You shouldn't have to. If you do, though:

  1. Perfect security thanks to no non-static code on the server.
  2. Awesome performance because nothing has to be calculated.

Static Sites are cheap and secure.

My Favourite is Hugo, because of performance even with thousands of pages.

Use 3rd party api for authentication and comments etc.. Like Auth0 and Disqus


I think static sites have a much lower barrier for entry for many clients, especially when they just need simple feedback forms or contact pages. I made a static hosting service for my classmates to use for their web projects. We weren't taught about deployment as a part of the class, and they needed an easy way to get their projects online.

Thus, dragdrop.site
I was kinda inspired by Glitch, but they needed a way to upload static files that they'd already written, and allowing them to drag files into the browser to deploy to a site is a pretty cool experience.


If a site does not have Dynamic parts or they don't really want to update content themselves you don't even have to SELL IT.

The real benefits I see on general is
1) the site can be as fast as it can be as it needs no database lookups at runtime
2) best security as there will be no login functionality to be compromised
3) Those can probably translate to reduced maintenance costs depending on the automation you set for the deployment workflow and the frequency of deployment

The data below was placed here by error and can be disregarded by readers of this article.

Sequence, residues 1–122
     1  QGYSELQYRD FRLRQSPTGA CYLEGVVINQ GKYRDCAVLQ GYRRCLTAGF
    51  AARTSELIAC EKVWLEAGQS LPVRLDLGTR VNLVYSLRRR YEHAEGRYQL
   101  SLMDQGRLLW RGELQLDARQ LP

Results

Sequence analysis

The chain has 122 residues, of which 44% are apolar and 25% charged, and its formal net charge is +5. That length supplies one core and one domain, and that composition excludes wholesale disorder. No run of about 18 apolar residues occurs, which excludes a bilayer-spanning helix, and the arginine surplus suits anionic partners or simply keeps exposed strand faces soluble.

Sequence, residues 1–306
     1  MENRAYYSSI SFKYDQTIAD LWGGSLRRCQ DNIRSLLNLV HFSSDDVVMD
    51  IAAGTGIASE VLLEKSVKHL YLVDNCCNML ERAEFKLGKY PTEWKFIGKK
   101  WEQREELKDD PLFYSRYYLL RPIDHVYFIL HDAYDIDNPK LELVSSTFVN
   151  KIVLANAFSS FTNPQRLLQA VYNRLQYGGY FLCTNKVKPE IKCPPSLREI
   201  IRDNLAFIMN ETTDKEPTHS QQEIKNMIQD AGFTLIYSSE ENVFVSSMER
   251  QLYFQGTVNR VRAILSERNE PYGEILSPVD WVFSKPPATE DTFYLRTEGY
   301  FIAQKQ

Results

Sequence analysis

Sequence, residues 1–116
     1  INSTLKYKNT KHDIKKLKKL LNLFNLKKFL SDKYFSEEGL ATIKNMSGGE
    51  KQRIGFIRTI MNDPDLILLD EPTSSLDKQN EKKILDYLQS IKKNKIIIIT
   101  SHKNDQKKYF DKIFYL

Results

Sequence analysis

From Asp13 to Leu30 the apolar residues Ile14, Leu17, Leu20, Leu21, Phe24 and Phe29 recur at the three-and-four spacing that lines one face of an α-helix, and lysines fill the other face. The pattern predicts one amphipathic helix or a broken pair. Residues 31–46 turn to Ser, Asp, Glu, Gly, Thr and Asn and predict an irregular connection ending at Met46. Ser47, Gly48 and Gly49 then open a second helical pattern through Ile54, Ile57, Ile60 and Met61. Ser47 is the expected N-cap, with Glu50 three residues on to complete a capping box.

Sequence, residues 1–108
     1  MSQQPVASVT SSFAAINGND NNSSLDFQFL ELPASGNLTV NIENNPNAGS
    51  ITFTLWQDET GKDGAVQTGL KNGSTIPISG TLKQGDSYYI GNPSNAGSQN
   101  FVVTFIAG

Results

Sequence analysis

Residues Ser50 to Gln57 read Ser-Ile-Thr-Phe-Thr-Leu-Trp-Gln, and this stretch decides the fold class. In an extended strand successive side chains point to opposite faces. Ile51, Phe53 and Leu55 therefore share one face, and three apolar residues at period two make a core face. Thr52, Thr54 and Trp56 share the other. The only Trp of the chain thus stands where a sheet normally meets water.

EDIT: Just realized the post was from last august


Every comment counts. Thanks, Giorgos! 👍


So far, clients asked me to build them a static website.

I have built websites on Jekyll, Middleman, Hugo, and Hexo. I cannot say which one is my favorite, but I must admit that Hugo is fast.

Here's my two cents:
If you are using Netlify, you could add code snippets, like tracking snippets, right from Settings -> Build & deploy -> Post processing -> Snippet injection:

Post processing — Snippet injection


I fully agree with you, but I'd rather Hexo. It's more flexible than Hugo. Jekyll is very popular, because it's supported by github, but it's slower than Hexo and Hugo. I would also like to try a GatsbyJs that becomes more popular


Well, sometimes you cannot choose. I am using Hexo for my website, but if a client wants a website on Hugo than you build the website on Hugo.

Also, I don't know which one is more flexible, but I managed to fulfill all client's requirements no matter which generator is in use. If you have problems, the community will help you. For example, I had a problem, posted it on Hugo Discourse, and got an answer in minutes.

You are absolutely right. But if you do your own projects you don't need a clients ideas)) And that's why I like Hexo. It's more friendly with themes and plugins ;)


A static site could be run on CDN like netlify for free.


I don't get it : when you click on getting started, there's nothing about getting started but about best practices :)


You can sell it on safety. Tell them about security benefits.